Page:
By Dandello <email@example.com>
Submitted Jan 2009
Summary: A companion piece to “Only a Fairy Tale.” Spock’s curiosity at Clark Kent’s story leads him to some interesting discoveries.
Story Size: 940 words (5Kb as text)
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Copyright Nov 21, 2008
“You look like a man with worries,” Kirk said, peering at his friend and first officer over his coffee.
Spock had finally come out of his quarters after closeting himself for several days. ‘Research’ Spock had repeatedly said, but he had refused to say exactly what he was researching. They were now having breakfast on the top deck restaurant of Star Fleet headquarters. San Francisco was spread out below them like a multi-colored quilt.
“Concerns, possibly bemusement,” Spock corrected. “Mister Kent’s ‘fairy tale’ had me intrigued.”
Kirk smiled inwardly. Kirk had been intrigued as well, but Spock’s curiosity was legendary. “What did you find?”
“According to the histories that the New Kryptonians gave the Federation, an infant Kryptonian named Kal-El was sent to Earth for safety. He would have arrived in approximately 1966 c.e.,” Spock said. “In 1996 c.e., the New Kryptonians sent a delegation to Earth to locate and repatriate Kal-El. The first contact apparently did not go well. There was an incident and two high ranking members of the delegation were killed.”
“But that would mean…” Kirk began.
“That would mean that Earth’s official first contact with an alien civilization was with New Krypton, not Vulcan,” Spock completed for him. “And it was a violent one. The histories they gave us gave no details on what precipitated the incident.”
“Oh, the historians are going to love that,” Kirk commented. “Did Kal-El leave Earth with his people?”
“Apparently not.” Spock had his padd out and turned it so Kirk could see. On the screen was an old-fashioned newspaper front page — The Daily Planet. The headline read ‘Superman Back to Stay.’ The photo was of a young dark haired man in blue tights, red briefs and boots, and a flowing red cape. On his chest was a familiar symbol. The date on the paper was September 26, 1996.
“That’s the symbol for the House of El,” Kirk said. “So Kent’s story wasn’t just a fairy tale? There really was a Superman?”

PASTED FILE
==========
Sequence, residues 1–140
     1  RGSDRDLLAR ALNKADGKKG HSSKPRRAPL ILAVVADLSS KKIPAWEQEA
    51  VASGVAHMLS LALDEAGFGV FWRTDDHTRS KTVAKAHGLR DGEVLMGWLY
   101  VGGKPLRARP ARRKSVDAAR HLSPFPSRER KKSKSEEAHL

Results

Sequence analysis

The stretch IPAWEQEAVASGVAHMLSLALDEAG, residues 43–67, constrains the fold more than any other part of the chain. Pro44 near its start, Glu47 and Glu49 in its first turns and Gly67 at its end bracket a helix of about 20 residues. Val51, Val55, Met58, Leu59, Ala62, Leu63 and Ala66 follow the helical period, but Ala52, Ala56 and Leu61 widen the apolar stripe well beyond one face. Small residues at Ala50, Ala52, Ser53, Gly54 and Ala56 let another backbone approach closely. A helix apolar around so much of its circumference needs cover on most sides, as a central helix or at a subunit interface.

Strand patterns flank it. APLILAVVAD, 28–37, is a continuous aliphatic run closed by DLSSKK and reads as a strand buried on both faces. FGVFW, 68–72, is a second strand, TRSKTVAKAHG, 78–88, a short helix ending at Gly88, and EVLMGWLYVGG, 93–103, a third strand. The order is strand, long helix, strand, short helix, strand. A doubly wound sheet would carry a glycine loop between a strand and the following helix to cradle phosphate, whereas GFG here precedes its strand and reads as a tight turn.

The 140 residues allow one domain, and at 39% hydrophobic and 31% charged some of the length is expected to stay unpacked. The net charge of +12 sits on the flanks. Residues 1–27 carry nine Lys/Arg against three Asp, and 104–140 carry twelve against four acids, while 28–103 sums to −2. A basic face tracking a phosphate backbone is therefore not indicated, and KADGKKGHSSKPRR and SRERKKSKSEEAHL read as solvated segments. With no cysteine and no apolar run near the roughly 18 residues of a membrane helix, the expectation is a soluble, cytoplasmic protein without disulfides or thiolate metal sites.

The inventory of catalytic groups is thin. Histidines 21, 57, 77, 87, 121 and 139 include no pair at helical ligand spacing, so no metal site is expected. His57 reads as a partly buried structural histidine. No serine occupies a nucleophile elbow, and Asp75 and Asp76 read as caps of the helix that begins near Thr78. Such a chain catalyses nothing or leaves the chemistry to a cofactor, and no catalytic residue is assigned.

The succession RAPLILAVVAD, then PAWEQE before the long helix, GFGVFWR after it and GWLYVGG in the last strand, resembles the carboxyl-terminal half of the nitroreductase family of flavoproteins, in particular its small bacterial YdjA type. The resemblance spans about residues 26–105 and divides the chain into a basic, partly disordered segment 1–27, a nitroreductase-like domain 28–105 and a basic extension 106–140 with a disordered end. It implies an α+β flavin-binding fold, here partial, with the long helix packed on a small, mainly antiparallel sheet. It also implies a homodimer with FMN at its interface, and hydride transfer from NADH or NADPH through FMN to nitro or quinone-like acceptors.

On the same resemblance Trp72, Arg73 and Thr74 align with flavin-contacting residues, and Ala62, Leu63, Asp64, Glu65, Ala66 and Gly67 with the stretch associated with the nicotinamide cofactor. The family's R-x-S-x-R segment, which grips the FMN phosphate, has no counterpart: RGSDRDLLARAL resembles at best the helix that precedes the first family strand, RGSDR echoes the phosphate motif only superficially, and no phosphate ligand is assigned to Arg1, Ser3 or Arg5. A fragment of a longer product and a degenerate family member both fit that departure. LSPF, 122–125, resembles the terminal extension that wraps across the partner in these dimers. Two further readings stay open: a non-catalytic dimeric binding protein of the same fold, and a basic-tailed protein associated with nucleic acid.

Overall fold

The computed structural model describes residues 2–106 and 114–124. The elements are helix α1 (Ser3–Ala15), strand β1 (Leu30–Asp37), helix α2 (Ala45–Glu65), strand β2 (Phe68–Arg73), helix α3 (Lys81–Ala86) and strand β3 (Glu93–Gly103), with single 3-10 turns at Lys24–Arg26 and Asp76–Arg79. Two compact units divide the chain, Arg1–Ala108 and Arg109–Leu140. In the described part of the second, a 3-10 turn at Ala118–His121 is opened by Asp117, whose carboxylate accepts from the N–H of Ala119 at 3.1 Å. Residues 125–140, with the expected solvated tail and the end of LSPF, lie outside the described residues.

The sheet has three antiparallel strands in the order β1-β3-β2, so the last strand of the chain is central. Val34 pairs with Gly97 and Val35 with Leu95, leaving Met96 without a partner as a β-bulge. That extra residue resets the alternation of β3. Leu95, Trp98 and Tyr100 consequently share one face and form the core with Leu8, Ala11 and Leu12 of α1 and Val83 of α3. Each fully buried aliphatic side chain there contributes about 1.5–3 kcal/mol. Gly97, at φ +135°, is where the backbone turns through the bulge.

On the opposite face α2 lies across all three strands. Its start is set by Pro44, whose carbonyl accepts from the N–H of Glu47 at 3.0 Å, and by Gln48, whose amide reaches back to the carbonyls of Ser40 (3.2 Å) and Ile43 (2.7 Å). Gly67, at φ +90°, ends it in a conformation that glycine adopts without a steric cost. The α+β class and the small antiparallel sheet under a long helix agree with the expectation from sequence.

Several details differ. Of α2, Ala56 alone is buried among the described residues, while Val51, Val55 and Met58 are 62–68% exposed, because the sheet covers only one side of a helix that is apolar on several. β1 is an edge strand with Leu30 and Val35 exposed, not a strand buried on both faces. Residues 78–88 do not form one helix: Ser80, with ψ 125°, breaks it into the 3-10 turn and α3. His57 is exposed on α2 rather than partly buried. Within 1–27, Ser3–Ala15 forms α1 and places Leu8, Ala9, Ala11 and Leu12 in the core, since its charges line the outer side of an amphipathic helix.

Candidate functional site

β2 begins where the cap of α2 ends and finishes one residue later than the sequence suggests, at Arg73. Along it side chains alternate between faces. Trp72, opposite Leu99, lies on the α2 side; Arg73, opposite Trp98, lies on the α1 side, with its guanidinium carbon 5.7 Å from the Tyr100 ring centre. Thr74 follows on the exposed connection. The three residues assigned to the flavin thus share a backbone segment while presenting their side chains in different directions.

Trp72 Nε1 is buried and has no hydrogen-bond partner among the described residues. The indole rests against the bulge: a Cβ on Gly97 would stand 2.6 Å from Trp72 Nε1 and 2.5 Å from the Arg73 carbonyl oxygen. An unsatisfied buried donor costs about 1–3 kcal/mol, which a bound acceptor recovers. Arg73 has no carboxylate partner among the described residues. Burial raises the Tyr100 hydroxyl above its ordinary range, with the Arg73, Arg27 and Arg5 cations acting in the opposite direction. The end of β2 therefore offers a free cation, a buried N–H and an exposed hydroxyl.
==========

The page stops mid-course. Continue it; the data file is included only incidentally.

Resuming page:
“So it would seem,” Spock said. “This is the only concrete evidence that I could find that he did, in fact, exist. And I was frankly surprised I found this. It is almost as if someone had deliberately hidden the information on him. Of course is it unhelpful that Old Metropolis was one of the targets during Earth’s last war. The Daily Planet and its archives did not survive. And what information that did survive is extremely fragmentary.”
“Pity we can’t go back and at least save the archives,” Kirk said. “This article says he could fly. Antigrav technology?”
“Unclear,” Spock said. “It is known that the New Kryptonians are telekinetic. Their abilities increase when exposed to moderate ultraviolet radiation. It is possible that includes the power of flight, although I am not aware that they have it. What I find more interesting is the byline on the story.”
Kirk zoomed in on the text. “Lois Lane and Clark Kent. Clark Kent?”
Spock nodded solemnly. “Our Mister Kent appears to be the most recent of a long line journalists and writers with that name, dating back to the late Twentieth Century. But again, the records are fragmentary. The records on the current Clark Kent indicate he was born on a small mining colony, the son of Marta and Jon Kent of Earth.”
Spock wasn’t quite frowning, but Kirk recognized the expression. Spock wasn’t happy about something he had found.
“But?” Kirk prompted.
“Jon Kent is also the son of a Clark Kent. I also found evidence that Jon Kent’s records had been tampered with but I doubt anyone besides myself and a handful of others would have detected it. However I do have some reason to believe that he and his wife were never on the planet their son was alleged to have been born on.”
“Which means?” Kirk asked.
“I hesitate to voice my deductions without further supporting evidence,” Spock stated solemnly.
There were gasps from the surrounding tables. Kirk looked over to see people pointing to something in the air. He turned to see what they were so astonished about.
Floating about twenty feet away from the building was the New Kryptonian delegation. There were no signs they were wearing antigrav belts or boots. There were no signs of propulsion units keeping them aloft.
The New Kryptonians seemed to be enjoying themselves as they ‘played’ in the air like swimmers in water. The people on the rooftop were murmuring in wonder at the display.
“Uh, Spock, unless I miss my guess, they’re flying,” Kirk commented.
“I wonder what else they can do?” Spock said.
“Enhanced speed, hearing, eyesight, strength,” Kent said, suddenly beside Kirk on the rooftop. “Faster than a speeding bullet, more powerful than a locomotive…”
Kirk saw the New Kryptonian ambassador beckon to Kent. “Come on Dad, it’s time.”
The reporter grinned back at her and before Kirk realized it, he had launched himself off the building, spinning as he went. When Kent stopped spinning, he was wearing the same suit as had been in the photo on the front page of the Daily Planet so long ago. The eye glasses were gone.
“Who is that?” someone asked.
“That, gentle beings,” Spock said with a touch of awe in his voice, “is Superman.”